My Top Three Creativity Enforcers

Creativity is a force within us that is susceptible to external energies. The benefit to this relationship is that we can shape and develop our creativity based on our actions, behavior, and mindset. The drawback to this relationship is that we can shape and develop our creativity based on our actions, behavior, and mindset.

Ha. Got that? It’s a double-edged sword.

But here’s the trick: as long as you treat your creativity as a force that responds to you, then you actually have total control. If you treat it with positivity and passion, it will develop accordingly. If you ignore it, get frustrated by it, then you will effectively stunt its growth.

The choice is yours.

Around the time of my creative comeback, I relied on several practices and exercises to inspire and motivate me into my stories every single day. In the beginning, this was a tough sell. I was struggling in a number of areas in my life and I wasn’t all that confident that I was on the right path. Writing had to be fun and pressure-free if I was going to believe in it again.

I found some exercises that actually worked–that made writing fun again! If you’re struggling with writing, maybe these ideas will help you.

My Top Three Creativity Enforcers

1 . CHARADES ON A SCREEN

  • Put on a movie or a television episode you’ve never watched before.
  • Turn the volume to mute.
  • Watch a scene (scenes with people speaking or doing something are preferable to scenes that are passive, or following a character in reflection or thinking mode).
  • Stop/Pause the scene.
  • Write in your journal what you think happened in that scene. Try to include as much information as you possibly can, including dialogue and emotions. What details stood out to you? Think about what the characters were wearing, scenery, props, weather. Were you able to distinguish time period or time of day? How would you describe the relationship between the characters? What do you think they were saying based on body language, facial expressions, and setting?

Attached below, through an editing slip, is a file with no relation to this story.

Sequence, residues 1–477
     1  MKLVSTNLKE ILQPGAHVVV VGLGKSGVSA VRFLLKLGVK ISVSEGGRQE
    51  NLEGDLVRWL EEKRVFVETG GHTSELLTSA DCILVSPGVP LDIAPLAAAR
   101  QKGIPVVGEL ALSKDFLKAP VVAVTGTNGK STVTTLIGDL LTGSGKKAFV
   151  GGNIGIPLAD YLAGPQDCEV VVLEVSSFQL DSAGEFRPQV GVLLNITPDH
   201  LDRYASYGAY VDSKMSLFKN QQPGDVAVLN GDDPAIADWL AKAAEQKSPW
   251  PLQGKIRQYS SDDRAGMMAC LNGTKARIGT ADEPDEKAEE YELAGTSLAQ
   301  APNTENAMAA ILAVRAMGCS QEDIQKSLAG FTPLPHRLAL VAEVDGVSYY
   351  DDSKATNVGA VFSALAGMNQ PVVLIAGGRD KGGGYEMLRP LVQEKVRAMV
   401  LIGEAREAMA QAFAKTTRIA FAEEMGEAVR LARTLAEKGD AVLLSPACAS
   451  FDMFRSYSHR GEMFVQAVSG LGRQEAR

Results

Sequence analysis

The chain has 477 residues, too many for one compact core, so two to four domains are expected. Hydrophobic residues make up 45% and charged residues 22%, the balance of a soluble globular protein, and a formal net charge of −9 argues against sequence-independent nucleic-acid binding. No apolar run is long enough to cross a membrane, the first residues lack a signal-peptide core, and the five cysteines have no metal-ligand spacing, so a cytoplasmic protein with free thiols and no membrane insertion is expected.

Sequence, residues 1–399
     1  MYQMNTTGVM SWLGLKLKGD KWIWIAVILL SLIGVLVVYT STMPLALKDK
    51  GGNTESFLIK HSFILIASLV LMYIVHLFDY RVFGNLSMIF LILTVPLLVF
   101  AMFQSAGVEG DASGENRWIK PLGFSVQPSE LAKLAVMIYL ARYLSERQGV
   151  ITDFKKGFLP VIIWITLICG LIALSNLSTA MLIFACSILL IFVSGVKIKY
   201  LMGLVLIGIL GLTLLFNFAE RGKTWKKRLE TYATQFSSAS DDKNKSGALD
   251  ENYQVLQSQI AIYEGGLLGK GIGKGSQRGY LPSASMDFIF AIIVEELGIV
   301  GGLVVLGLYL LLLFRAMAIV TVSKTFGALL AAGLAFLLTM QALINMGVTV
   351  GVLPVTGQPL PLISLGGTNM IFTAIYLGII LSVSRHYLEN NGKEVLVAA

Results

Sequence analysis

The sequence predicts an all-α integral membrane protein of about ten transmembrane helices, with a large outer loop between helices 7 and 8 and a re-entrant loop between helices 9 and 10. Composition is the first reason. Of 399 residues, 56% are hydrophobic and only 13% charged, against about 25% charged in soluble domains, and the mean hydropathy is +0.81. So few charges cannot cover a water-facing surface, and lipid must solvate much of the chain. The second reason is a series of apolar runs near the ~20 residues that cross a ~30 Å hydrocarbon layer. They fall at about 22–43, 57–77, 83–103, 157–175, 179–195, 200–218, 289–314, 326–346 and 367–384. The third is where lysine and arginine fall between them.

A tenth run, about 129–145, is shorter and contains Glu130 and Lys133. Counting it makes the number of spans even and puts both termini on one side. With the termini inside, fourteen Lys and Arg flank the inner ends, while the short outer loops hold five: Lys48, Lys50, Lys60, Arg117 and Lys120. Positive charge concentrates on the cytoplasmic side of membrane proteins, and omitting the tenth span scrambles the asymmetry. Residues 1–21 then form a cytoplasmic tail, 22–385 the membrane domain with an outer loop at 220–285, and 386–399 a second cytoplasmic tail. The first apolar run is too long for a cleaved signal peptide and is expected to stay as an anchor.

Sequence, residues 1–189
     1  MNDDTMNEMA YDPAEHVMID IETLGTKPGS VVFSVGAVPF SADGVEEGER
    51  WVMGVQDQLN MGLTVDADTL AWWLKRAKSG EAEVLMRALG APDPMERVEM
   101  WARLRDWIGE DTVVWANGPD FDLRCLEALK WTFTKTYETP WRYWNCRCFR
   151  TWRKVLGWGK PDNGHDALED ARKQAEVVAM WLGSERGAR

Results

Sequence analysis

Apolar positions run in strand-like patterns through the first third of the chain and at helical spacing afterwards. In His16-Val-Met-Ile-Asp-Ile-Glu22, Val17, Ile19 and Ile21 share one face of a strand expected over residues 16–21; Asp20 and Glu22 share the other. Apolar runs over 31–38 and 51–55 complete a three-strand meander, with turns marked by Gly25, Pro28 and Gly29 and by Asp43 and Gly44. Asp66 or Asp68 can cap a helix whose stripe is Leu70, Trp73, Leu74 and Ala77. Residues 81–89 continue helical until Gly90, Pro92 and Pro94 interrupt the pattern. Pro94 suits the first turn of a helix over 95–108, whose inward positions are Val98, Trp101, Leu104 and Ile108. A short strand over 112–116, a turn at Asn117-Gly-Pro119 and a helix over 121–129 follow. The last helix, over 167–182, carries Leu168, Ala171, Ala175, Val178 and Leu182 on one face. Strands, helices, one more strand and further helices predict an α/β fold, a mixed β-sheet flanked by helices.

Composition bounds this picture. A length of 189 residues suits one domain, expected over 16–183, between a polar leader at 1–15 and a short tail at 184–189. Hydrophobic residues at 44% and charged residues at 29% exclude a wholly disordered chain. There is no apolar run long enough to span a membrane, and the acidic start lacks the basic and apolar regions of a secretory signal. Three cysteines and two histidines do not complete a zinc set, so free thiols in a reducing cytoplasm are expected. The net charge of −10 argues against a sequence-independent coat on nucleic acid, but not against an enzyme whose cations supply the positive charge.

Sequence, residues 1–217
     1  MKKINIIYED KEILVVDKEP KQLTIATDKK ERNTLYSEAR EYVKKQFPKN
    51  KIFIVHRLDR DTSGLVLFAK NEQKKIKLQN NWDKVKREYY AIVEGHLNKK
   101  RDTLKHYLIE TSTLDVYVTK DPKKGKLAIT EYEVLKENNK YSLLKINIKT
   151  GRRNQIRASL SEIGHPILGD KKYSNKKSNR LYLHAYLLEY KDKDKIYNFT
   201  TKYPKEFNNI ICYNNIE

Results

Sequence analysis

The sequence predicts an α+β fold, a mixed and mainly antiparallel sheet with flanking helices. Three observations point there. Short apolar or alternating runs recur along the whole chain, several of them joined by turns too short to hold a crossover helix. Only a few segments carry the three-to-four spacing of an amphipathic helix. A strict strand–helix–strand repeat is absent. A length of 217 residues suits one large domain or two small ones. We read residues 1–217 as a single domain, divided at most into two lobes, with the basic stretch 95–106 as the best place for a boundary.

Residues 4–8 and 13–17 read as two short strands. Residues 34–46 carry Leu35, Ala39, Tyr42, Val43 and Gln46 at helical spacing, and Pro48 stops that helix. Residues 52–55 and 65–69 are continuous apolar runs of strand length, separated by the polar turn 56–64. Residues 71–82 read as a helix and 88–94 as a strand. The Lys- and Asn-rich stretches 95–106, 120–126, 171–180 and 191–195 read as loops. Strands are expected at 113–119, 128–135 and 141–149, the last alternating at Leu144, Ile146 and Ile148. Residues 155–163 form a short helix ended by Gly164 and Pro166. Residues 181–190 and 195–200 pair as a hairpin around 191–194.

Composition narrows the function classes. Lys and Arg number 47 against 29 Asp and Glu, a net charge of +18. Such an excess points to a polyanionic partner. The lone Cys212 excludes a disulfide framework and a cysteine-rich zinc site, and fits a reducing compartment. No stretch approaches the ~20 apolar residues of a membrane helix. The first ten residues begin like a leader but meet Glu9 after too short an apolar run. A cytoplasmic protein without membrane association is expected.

Hey, this is IMPORTANT—you are not testing yourself on your memory (even though this can be a great way to see what kinds of things you can remember!). You are learning how to pay attention to what makes a scene. You’re learning what details stand out or feel important in a scene, how you interpret body language and facial expressions, how you might write dialogue based on visual cues. All of these observations are skill-based and will help you write believable characters.

  • Play back the scene, this time with the volume on. What are your findings? Anything surprise you? What did you learn? Journal through this experience—it can be very enlightening!

TIP: If you aren’t fond of watching film/television, you can practice this same technique at your local coffee shop or public venue. Just sit quietly in the background and observe, taking notes on anything you find interesting.

Creativity works best if it is nurtured and exercised. What do you do when it’s not firing on all cylinders or you just aren’t feeling in the creative groove? Check out this post by Kate Johnston | Author & Story Coach to learn three top creativity enforcers that will get you writing and having fun while you’re at it!
Photo by Ana Tavares on Unsplash

2. STORY BOARDS

Suggested supplies (mix/match as needed): foam board, scissors, tape, glue, markers, colored pencils, crayons, glitter, construction paper, a full-size notebook, journal, drawing pad.

One of my favorite retreats is the public library. Not only do I love browsing books just for the hell of it, but I enjoy taking advantage of all their free services.

My library offers magazine swaps (a cart filled with magazines that you can take for yourself; you’re encouraged to leave magazines behind so someone else may enjoy them). This is an incredible opportunity that boosts and nurtures and enforces creativity!